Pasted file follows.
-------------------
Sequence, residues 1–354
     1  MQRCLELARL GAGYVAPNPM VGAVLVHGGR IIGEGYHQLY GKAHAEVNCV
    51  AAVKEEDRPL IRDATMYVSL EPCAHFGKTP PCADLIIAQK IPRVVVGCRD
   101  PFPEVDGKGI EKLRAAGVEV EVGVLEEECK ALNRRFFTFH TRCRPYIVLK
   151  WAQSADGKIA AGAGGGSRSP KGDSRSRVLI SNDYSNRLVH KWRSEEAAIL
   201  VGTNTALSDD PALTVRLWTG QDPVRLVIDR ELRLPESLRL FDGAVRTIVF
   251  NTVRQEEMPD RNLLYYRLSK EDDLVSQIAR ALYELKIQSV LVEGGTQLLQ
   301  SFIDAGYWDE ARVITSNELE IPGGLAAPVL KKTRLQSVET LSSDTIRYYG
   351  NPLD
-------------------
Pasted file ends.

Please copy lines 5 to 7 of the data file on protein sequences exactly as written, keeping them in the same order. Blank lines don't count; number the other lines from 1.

   151  WAQSADGKIA AGAGGGSRSP KGDSRSRVLI SNDYSNRLVH KWRSEEAAIL
   201  VGTNTALSDD PALTVRLWTG QDPVRLVIDR ELRLPESLRL FDGAVRTIVF
   251  NTVRQEEMPD RNLLYYRLSK EDDLVSQIAR ALYELKIQSV LVEGGTQLLQ